1. Get 51 Senators to sign on to a very strong proposed reform bill. At least 50 Senators have committed to reform in one way or another. Let's get them on record as supporting something strong and perhaps more importantly, threatening to GOP interests. As a reminder, you only need 50 Senators to enact filibuster reform. The constitution says that the Senate gets to determine its own rules. Basically the way the "nuclear" or "constitutional" option would work is that presumably Harry Reid would ask the chair (presumably Joe Biden if he wants to participate as President of the Senate) what the rules are for filibusters. Biden would claim that the rules are what Reid proposes. Republicans would then have the right and would seek to appeal the ruling of the chair. But, of course, to appeal the ruling of the chair, you need a majority vote, something the Republicans are not anywhere close to having!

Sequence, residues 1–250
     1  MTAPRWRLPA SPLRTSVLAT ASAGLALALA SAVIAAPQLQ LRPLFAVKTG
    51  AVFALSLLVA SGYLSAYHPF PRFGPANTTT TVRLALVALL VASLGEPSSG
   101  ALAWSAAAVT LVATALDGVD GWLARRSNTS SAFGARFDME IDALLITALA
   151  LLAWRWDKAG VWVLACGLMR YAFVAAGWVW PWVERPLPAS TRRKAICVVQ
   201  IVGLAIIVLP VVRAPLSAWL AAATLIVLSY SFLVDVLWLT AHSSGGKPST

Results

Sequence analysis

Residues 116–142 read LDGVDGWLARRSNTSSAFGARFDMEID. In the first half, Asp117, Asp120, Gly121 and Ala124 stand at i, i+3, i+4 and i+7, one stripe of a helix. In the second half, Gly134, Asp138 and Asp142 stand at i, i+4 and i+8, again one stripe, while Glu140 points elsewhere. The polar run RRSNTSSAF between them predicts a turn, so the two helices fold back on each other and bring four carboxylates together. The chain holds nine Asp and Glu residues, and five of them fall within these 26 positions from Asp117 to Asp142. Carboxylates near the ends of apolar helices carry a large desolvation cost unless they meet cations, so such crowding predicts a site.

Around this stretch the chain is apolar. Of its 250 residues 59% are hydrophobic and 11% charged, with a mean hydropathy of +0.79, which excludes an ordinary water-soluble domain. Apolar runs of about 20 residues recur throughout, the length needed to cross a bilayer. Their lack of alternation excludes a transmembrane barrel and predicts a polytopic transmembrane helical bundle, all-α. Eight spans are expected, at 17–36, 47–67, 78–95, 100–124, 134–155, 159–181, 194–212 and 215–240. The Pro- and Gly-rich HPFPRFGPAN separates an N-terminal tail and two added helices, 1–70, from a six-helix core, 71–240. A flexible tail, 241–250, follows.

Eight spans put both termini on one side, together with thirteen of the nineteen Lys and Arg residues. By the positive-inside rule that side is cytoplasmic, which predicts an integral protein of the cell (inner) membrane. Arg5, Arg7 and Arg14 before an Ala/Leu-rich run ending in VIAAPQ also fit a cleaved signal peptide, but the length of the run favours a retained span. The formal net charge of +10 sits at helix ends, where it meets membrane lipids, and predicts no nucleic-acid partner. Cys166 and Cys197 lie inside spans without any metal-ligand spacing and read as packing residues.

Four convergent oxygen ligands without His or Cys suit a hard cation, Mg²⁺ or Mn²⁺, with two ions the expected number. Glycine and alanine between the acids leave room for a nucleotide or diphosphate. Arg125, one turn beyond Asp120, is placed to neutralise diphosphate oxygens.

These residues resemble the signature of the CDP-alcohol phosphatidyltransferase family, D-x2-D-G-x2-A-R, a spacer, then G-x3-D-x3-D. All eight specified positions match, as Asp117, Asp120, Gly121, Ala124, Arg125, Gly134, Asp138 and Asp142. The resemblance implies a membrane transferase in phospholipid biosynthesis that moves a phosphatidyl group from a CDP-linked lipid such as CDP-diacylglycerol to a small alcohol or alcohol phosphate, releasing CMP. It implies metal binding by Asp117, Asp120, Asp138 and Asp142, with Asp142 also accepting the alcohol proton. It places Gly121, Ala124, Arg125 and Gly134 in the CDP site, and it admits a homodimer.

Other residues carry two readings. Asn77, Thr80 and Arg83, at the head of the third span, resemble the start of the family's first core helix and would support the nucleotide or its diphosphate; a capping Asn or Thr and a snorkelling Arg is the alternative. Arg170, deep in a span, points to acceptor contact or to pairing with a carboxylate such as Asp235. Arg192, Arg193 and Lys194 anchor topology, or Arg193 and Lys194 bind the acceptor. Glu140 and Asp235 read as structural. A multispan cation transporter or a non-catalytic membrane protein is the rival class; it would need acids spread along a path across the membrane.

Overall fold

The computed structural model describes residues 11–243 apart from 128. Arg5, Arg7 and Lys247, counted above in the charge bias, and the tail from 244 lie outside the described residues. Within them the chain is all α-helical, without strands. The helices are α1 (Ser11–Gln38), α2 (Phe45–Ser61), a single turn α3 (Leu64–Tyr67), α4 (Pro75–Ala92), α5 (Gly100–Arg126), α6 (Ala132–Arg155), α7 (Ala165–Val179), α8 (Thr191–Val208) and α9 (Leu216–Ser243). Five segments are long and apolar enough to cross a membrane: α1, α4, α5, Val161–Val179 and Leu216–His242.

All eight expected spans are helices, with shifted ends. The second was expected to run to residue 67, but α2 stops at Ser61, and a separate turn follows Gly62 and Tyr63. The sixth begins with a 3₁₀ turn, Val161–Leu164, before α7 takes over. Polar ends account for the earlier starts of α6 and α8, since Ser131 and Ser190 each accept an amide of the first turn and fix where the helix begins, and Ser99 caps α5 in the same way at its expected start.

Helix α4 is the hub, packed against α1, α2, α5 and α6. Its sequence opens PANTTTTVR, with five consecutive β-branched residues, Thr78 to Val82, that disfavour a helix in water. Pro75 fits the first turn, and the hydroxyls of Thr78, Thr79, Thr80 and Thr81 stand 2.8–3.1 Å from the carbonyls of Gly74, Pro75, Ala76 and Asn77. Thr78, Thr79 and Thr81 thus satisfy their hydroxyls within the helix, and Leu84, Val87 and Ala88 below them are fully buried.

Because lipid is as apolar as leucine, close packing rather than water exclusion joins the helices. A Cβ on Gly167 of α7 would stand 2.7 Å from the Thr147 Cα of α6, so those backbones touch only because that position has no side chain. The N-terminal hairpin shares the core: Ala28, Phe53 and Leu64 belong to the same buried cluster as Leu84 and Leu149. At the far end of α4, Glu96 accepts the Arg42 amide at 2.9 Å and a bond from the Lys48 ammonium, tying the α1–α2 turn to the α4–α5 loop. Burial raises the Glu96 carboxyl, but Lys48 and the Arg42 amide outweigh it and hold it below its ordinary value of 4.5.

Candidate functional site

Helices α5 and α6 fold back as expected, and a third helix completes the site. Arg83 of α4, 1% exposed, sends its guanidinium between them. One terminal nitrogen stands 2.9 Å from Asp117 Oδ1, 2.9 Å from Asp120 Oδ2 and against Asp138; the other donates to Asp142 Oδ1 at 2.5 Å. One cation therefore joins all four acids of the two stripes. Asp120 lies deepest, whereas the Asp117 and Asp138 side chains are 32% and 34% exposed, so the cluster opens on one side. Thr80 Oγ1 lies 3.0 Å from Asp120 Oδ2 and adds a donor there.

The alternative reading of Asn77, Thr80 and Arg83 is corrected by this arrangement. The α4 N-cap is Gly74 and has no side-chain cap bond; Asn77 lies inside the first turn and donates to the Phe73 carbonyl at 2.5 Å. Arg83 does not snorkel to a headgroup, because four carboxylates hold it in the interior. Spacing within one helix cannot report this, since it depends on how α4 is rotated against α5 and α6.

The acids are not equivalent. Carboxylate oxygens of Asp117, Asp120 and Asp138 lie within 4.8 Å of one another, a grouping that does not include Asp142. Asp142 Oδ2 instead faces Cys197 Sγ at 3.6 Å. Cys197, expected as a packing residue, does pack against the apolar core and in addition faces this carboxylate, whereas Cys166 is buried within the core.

Here's what the strong proposal should be:

a. No more motions to proceed. These motions, which can be filibustered waste up to 60 hours and allow Republicans to kill unseemly amounts of time. They basically ran out the clock using this tool during the 111th Congress. A motion to proceed should not be debatable and should be presumed adopted.

b. 41 Senators should be required to vote against cloture. Currently, rules require 60 members to vote FOR cloture, but not 41 to vote AGAINST cloture. This means that Republicans couldn't cop out by being absent or voting "present" so they can say they didn't vote to filibuster.

c. Similar to the proposal from Senators Udall (NM) and Merkley (OR), 10 Senators should be required to sign a filibuster petition, and at least one of them must be on the floor debating at all times during the filibuster. This would stop the current practice of just standing up and saying you'll filibuster, while then going to hang out at the Capital Hill Club or something. We need to make filibusters hard, not easy.